In an experiment, $10c{{m}^{3}}$ of an organic compound, J, in the gaseous state is reacted with an excess of oxygen. Steam, $20c{{m}^{3}}$ of carbon dioxide and $5c{{m}^{3}}$ of nitrogen are the products.
All gas volumes were measured at the same temperature and pressure.
What could be the identity of J?
1) ${{C}_{2}}{{H}_{6}}{{N}_{2}}$
2) ${{C}_{2}}{{H}_{3}}N$
3) ${{C}_{2}}{{H}_{7}}N$
(a)- 1, 2, and 3 are correct
(b)- 1 and 2 only are correct
(c)- 2 and 3 only are correct
(d)- 1 only is correct

Answer Verified Verified
Hint: The volume of the ideal gas is taken at STP (standard temperature and pressure). Its value is 22.7 L. The number of moles is equal to the given volume divided by the volume of an ideal gas at STP. With the schematic equation, we calculate the number of carbon and nitrogen atoms.

Complete answer:
1 mol of an ideal gas has the volume at STP = 22.4 L.
Hence, \[{{V}_{m}}=\text{ }22.4L\]
So, the number of moles is equal to the given volume upon volume of 1 mol gas.
We have to find the number of atoms of carbon and nitrogen in C H N.
So, we can account x to C, y to H, and z to N.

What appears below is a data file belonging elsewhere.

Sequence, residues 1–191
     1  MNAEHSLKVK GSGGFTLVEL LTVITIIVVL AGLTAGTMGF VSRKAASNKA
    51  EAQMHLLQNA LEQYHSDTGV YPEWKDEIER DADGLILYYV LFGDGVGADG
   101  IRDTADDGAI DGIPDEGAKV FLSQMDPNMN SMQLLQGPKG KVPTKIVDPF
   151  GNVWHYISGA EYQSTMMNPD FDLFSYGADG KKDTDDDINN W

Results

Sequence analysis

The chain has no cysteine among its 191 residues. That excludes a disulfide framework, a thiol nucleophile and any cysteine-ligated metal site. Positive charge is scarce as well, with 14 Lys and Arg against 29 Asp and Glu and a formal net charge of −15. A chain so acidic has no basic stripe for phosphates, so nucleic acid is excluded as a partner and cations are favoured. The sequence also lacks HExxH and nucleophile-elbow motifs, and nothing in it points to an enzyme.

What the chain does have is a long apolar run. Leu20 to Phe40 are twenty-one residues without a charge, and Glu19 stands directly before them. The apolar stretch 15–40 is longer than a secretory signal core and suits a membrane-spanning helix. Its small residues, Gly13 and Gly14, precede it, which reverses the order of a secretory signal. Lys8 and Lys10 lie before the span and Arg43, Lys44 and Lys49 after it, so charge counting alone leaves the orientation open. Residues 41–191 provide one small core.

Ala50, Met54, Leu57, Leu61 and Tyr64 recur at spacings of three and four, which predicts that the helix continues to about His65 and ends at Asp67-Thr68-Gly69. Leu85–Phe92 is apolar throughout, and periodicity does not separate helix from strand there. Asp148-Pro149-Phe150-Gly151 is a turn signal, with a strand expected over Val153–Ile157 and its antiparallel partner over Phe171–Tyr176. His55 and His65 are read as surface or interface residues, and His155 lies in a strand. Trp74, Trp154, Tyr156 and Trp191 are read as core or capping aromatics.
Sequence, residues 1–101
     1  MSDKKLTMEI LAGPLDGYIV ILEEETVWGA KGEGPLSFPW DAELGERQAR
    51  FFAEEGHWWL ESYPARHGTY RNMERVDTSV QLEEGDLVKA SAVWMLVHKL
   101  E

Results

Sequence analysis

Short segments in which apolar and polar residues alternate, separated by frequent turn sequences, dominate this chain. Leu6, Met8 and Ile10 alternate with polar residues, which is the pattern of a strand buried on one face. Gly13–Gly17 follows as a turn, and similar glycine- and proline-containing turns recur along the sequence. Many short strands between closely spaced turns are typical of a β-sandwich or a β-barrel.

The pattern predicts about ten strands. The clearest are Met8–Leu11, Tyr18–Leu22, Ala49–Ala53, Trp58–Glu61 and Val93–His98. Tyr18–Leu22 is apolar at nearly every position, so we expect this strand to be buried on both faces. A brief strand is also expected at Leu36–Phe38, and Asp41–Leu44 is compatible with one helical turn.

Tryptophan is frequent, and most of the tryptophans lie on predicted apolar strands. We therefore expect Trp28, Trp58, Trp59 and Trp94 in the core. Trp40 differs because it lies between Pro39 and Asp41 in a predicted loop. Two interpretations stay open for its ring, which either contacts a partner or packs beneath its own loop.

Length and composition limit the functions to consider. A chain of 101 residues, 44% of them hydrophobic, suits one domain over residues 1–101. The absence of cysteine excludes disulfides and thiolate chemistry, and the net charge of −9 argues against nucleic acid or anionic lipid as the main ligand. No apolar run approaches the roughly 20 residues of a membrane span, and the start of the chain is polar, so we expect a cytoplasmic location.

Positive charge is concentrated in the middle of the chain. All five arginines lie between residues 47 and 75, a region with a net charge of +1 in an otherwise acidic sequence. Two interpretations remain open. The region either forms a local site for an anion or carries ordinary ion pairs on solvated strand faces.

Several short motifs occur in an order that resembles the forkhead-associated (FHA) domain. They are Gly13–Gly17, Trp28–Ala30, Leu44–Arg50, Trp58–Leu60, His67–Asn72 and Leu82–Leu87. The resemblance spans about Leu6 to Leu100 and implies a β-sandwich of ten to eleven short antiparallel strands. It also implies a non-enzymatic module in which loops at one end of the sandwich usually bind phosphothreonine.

Therefore, number of moles of the compounds will be:
According to the question, the schematic equation of the chemical reaction will be:
${{C}_{x}}{{H}_{y}}{{N}_{z}}\text{ }+\text{ }(x+\dfrac{y}{4}){{O}_{2}}\to xC{{O}_{2}}+\dfrac{y}{2}{{H}_{2}}O+\dfrac{z}{2}{{N}_{2}}$
So, by formulating with the help of the above reaction we can find the value of x and y.
We can write,
$n({{C}_{x}}{{H}_{y}}{{N}_{z}})=\dfrac{n(C{{O}_{2}})}{x}=\dfrac{2\text{ x }n({{N}_{2}})}{z}$
For, x
So, the value of x is 2
For, z
$z=\dfrac{1}{2}\text{ x 2 = 1}$
So, the value of z is 1.
So, in the J compound, the carbon atoms are 2, and the number of nitrogen atoms is 1.
Hence, the correct option is (c)- 2, and 3 only are correct.
So, the correct answer is “Option C”.

Note: We have directly put the value of the volume of a given compound because the volume of an ideal gas is the same for every compound, hence it gets canceled. The schematic equation of the chemical reaction should be correct.